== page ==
Hi Javier,

Thanks for the reply!

Reading the other BTS bug you linked, my understanding of the DFSG (and the 
commonly accepted interpretation)
is the same as Ansgar supplied there:

 * Clause #1 covers re-distribution - must be redistributable freely as
   part of a collection of software.
 * Clause #6 covers 'use' - must be able to be used in all 'fields of endeavor'.
   That means there can be no conditions limiting use to a particular 
   it must be permitted for Commercial Use, Government, Military, Education, 
Home, etc.

That has been the commonly accepted interpretation for a long time, hence why 
been told by several people that the Artistic License isn't considered to be in
conflict witeh the DFSG for Debian.

DFSG #6 warrants use in any field of endeavor. The outcome is either
software can be sold, both modified and unmodified, or it is non-free.

Under the FSF non-free test, sure. But Debian Guidelines are not always in line 
with FSF, and your
interpreation of DFSG#6 is different than the commonly accepted one.

Debian considers 'Use' to mean 'Actual literally use and operate'. The examples 
following DFSG#6
supports this common interpretation, as does the very existence of DFSG#1. 
'Distribution' and
'Actual Use' are defined in separate clauses and are presented as separate 

This is why Debian officially considers the Artistic License 1.0 DFSG-free, 
even if the FSF classes
it as a non-free license.

Kind regards,
          Former Co-Lead
          ScummVM Project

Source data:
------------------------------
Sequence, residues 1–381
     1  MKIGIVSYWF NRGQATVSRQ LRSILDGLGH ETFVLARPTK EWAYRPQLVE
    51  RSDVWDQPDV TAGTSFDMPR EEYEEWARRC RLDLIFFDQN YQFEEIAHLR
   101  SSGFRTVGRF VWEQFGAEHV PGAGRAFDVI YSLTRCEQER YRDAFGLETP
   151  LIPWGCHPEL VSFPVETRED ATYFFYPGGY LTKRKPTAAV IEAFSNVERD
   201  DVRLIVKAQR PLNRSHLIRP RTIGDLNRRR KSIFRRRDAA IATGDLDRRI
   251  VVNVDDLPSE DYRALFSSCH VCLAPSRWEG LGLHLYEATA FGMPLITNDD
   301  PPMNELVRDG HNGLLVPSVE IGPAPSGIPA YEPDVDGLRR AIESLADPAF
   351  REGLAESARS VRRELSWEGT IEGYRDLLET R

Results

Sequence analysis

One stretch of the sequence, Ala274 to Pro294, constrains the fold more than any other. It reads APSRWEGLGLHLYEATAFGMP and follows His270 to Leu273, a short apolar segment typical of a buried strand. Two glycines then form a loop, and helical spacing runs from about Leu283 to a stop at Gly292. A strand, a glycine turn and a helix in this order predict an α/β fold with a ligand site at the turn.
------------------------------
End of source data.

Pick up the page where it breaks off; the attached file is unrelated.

PS - this is getting a bit off-topic, but in regards to the reasons you 
provided to encourage permissive
commercial individual sale... I would agree with you wholeheartedly if your 
first three points didn't start
with the word 'selling' - 'Distributing' or 'Promoting' would fit all of those 
just as well :P

Sadly (and perhaps I'm missing something obvious), but I don't get how any of 
the example outcomes you
provid would require (or even benefit!) from permissive Individual Sale. 
Examples #1, #2 and #4 would seem
to be better served by a collection or curated 'best of' in aggregate (as 
permitted by DFSG#1).

Most of those outcomes are pretty normal & desired goals, that both Free 
Software and Indie developers already
achieve via existing means of cross-promotion and of course efforts from their 
respective communities. Some of
the smaller indies I personally know have literally had their whole marketing 
campaigns designed and ran by
their core community/fans simply because someone on a forum pointed out not 
enough people knew about their game.

Meanwhile, if a user just brought a individual game commercially for 
'consumption', they are more likely to
come into exposure with the Free Software community, nor learn about the 
history of the game or other content and creators.

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